Apply for a development permit
You may need to apply for a development permit if you want to:
- build something new
- extend your home
- change a use
- subdivide your land.
Check if you need planning approval.
The table below provides a summary of the application process.
To apply for this permit, follow the step-by-step guide further below.
For pastoral landholders, read about the different process for subdividing your pastoral lease.
|About the application||What you need to know|
|How to apply||Submit through the Development Applications Online (DAO) website|
|Fees||Read the step-by-step guide below|
If public exhibition is required, 14 to 28 days, which may include notices through:
|Processing time||Approximately 8 weeks|
Development Consent Authority (within DCA division areas)
Minister for Infrastructure, Planning and Logistics (outside of DCA division areas)
|Administrating branch||Development Assessment Services (DAS)|
Before you apply
Before you apply for a development permit, you need to know your assessment category.
You can also speak to a planner from DAS for advice on:
- whether you need a permit
- your assessment category
- what to include in your application
- what to expect during the assessment process
- applicable fees and advertising requirements
- other supporting information you may need.
You must provide the following when you apply for a development permit:
- your contact details and other beneficiary details
- owner’s authorisation - if you are not the sole property owner
- an explanation of the proposed development and why you are requesting it
- an assessment of the proposed development including:
- its merits
- how it will comply with the planning scheme
- how it will influence the amenity of the area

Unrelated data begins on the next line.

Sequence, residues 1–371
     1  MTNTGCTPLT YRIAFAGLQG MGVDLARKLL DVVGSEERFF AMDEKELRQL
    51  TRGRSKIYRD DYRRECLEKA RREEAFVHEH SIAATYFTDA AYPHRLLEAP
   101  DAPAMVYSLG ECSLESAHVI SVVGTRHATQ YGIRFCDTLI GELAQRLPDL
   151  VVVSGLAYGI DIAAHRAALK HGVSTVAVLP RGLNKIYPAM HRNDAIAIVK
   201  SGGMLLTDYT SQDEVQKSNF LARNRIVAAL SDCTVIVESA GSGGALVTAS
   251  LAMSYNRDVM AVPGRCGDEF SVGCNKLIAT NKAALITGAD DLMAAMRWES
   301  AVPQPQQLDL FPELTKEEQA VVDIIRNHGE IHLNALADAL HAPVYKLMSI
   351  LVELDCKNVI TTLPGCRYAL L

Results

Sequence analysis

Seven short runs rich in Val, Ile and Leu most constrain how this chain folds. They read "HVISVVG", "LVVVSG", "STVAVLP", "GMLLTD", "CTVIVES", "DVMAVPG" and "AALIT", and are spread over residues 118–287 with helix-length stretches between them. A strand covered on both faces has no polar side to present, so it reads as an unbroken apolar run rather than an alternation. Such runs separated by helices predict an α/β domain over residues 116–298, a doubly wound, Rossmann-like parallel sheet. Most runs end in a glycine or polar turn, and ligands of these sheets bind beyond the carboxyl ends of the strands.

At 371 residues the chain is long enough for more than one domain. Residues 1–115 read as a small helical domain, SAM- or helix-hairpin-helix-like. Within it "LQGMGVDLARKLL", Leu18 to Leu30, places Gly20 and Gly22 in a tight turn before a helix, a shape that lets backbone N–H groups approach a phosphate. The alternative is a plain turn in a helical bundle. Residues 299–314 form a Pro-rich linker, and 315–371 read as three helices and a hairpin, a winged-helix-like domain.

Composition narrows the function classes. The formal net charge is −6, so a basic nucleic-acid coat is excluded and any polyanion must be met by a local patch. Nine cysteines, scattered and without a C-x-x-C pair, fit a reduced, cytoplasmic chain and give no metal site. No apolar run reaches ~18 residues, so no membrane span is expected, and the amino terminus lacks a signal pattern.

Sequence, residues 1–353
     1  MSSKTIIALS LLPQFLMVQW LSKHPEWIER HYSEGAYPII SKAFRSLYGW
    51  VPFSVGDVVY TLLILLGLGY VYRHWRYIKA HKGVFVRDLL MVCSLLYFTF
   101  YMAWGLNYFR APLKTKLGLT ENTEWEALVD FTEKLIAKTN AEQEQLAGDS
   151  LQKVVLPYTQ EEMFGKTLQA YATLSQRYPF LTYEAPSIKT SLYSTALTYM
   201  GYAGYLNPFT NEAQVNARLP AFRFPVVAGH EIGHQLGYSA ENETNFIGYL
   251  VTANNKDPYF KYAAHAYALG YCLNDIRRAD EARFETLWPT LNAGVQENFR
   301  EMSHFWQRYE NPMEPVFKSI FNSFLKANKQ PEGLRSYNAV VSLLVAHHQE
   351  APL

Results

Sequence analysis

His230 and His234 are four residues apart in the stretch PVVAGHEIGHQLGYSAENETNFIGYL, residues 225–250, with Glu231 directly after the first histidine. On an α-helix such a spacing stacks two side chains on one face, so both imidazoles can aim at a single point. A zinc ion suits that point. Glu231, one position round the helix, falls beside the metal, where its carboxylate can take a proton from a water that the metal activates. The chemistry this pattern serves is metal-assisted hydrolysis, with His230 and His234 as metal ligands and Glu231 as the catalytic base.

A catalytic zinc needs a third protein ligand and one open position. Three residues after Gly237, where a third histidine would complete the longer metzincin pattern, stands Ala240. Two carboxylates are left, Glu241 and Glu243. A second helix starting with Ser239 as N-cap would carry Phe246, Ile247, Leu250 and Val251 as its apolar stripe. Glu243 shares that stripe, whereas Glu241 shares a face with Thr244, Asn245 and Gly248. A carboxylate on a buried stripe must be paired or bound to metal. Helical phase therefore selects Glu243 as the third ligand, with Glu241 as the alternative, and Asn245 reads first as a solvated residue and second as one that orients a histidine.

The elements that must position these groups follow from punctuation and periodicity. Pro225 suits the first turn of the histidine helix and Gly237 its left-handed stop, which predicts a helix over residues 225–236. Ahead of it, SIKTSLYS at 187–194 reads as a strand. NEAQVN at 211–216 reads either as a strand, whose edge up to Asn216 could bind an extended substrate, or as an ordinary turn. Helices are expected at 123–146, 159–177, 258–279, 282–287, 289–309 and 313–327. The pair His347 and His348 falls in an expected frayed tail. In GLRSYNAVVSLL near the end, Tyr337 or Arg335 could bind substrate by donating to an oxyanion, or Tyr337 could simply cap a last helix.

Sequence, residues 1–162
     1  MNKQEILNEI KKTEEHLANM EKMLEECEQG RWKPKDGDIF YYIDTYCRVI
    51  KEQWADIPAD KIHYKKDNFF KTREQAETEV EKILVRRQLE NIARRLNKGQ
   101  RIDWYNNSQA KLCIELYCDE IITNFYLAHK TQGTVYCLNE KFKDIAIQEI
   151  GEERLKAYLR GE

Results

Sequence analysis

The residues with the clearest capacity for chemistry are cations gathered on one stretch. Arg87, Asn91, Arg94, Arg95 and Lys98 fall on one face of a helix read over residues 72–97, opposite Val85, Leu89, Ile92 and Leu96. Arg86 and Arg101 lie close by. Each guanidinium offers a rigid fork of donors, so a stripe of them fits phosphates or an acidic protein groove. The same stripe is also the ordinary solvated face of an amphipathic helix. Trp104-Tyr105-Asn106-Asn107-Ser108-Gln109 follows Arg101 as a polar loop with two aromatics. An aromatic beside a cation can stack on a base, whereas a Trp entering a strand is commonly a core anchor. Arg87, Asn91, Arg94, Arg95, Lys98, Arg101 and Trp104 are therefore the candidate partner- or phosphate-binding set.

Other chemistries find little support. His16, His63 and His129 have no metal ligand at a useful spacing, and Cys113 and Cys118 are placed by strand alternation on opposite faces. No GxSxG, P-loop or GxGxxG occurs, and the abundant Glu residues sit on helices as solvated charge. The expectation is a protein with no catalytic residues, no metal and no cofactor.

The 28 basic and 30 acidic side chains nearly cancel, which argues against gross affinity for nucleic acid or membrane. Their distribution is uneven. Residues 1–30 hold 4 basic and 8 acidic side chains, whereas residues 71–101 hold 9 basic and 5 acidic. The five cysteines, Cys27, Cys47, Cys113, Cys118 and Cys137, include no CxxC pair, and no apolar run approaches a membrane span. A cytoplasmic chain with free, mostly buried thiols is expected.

- other matters that may be relevant under section 46 of the Planning Act 1999
- dimensioned plans for the development (which may vary based on the complexity and type). These may include:
- site plan
- subdivision plan
- floor layout plans
- elevations and sections
- an image that shows what the development will look like. For subdivisions, changes to use or minor developments, a clear dimensioned plan may be enough.
For more information about your application requirements, read the development application guide to attachments
How to apply
You can submit a development permit application through the DAO website.
You must pay an application fee. You may also need to pay an advertising fee.
All fees are non-refundable, even if your application is unsuccessful.
Application fees are set out in the table below.
|Use - no physical development||$235|
|Use land - advertising sign||$235|
|Single dwelling on one lot||$219|
|Estimated cost of development under $100,000||$219|
|Estimated cost of development more than $100,000 but under $250,000||$658|
|Estimated cost of development more than $250,000 but under $1 million||$954|
|Estimated cost of development more than $1 million but under $10 million||$3,388|
|Estimated cost of development more than $10 million but under $25 million||$8,771|
|Estimated cost of development more than $25 million but under $50 million||$17,545|
|Estimated cost of development more than $50 million||$26,317|
|Clearing of native vegetation||$219|
|Subdivision||$943 plus $45 per lot|
|Consolidation||$943 plus $45 per lot|
|Boundary realignment||$943 plus $45 per lot|
How to pay
You can pay fees online through the DAO website.
All fees must be paid after your application is accepted and before advertising can start.
This is the preferred lodgement and payment method.
Other ways to pay
You can pay in person by cash or card at your nearest planning office.
After you apply
Read below to find out what happens after you submit your application.
Development applications are usually processed in eight weeks.
However, this can vary depending on:
- the complexity of the application
- the length of advertising needed
- if more information is needed.
Your advertising requirements will depend on the nature and scale of your proposal.
Not all development applications need public advertising.
After your application is accepted, you will get details of your notification type and advertising requirements.
- any fees you have to pay
- any signs you have to place on the property.
To find out what the requirements might be before you submit an application, talk to a planner.
During the public exhibition period, submissions may be received from:
- the public
- service authorities
- the local council.